Do you remember the first Mother Goose rhyme you heard? If you are like me, probably not. It seems as if those were always there wafting in and out of the sunny safe breezes of childhood. “Little Boy Blue come blow your horn” or “Bah, Bah, Black Sheep”. The cadence of the melodies, the rhythm of the tale, the words learned through repetition all are inherent in many of our childhoods.

They are more than just stories or rhymes. They are experiences ensconced in our childhood memories, our warm feelings of being protected, of being loved and of being connected. Recollections surface of being soothingly rocked to sleep by someone that loved us, that made us feel safe. This was a routine that was as consistent as the repeated rhymes themselves. 



They are flashbacks to our first use of our own imaginations, where we created photographic pictures in our minds of what Humpty Dumpty looked like sitting on the wall or what a cockle shell was sitting in a row for Mary Quite Contrary.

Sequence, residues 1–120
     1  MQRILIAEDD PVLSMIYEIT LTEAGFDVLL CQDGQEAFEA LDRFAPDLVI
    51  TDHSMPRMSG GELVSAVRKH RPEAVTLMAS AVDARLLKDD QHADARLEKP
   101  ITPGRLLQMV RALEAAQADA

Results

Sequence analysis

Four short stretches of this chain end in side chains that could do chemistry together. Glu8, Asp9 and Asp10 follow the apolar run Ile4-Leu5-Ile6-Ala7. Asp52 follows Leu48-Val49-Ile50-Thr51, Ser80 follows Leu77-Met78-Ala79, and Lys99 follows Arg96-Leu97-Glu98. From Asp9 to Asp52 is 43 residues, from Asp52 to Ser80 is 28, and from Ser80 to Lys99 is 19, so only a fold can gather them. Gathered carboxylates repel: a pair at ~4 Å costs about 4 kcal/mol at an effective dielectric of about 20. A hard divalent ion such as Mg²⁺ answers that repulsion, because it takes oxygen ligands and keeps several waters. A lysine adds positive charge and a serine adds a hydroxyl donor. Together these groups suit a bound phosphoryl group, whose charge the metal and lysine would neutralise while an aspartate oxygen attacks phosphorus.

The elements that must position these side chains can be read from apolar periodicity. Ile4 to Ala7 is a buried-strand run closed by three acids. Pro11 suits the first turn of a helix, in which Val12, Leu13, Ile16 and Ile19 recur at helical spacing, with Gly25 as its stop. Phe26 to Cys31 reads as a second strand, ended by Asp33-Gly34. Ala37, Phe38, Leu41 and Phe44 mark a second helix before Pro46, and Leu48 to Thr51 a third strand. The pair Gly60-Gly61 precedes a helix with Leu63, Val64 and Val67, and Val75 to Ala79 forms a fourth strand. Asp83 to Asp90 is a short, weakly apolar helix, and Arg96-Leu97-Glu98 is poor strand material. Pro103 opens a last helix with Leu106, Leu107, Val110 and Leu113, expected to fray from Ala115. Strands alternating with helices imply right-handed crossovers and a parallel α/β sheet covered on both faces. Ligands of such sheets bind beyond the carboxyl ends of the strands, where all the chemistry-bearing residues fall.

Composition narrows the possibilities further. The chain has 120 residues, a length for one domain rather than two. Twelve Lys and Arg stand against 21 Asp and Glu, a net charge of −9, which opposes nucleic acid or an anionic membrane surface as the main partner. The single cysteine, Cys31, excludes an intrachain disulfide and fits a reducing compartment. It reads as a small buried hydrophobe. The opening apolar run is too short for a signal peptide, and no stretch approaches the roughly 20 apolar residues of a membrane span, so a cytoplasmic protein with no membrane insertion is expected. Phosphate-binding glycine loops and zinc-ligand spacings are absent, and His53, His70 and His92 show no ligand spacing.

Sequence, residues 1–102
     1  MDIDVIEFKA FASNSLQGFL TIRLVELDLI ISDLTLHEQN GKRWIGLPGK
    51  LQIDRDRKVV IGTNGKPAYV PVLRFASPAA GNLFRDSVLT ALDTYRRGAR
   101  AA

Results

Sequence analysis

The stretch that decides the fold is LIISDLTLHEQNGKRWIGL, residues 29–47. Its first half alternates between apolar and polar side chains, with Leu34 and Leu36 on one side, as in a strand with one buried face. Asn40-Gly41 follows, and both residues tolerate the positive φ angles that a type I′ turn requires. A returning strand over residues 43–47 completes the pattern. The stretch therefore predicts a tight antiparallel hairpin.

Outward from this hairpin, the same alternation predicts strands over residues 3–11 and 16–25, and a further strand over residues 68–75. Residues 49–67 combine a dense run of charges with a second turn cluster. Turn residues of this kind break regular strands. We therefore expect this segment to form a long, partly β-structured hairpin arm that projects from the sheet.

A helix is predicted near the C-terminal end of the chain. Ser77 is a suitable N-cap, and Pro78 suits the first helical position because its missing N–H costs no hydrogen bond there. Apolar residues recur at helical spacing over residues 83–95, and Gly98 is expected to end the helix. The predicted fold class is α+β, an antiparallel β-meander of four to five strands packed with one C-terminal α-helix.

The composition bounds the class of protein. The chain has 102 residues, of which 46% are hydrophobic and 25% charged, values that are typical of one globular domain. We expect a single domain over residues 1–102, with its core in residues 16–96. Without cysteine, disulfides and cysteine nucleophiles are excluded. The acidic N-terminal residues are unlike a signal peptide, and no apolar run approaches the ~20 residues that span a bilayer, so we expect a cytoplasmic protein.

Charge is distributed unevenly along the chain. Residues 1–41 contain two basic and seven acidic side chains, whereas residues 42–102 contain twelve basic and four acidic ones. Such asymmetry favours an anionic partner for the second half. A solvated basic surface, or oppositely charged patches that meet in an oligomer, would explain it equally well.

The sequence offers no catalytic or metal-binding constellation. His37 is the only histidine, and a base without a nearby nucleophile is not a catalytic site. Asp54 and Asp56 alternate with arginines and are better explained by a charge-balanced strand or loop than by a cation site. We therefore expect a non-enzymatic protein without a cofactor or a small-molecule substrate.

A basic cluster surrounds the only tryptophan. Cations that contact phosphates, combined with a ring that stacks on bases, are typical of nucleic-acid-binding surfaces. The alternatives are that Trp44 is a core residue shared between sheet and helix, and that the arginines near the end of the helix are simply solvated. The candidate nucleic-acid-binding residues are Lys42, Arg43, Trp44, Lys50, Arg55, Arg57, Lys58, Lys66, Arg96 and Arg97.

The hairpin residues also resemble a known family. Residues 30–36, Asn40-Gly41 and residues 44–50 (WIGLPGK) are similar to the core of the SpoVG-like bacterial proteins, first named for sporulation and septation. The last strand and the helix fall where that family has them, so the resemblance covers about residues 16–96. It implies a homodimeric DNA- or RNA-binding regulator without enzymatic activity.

They are early experiences of laughter and joy as our own little piggies were tickled along side those other piggies going to market or staying home. Or of jumping high along with Jack as he jumped over the candlestick.

So when I discovered the beautifully matted and protected First Edition Illustrations of 15 of these treasures, I immediately began reliving these cherished moments from my childhood. I started singing the verses from memory and comparing my childhood minds’ picture of the characters to the 1915 illustrations. I also learned new rhymes that I simply didn’t recall at all. 

What a wonderful experience to go all the way back to the early chapters of my story in order to write the latest chapters. Many who have seen and/or bought some of these pieces have already shared parts of their own stories with me. This sharing of similar memories of childhood is to be passed along to future generations to bond and connect over simple rhymes.Simple connections from a common story.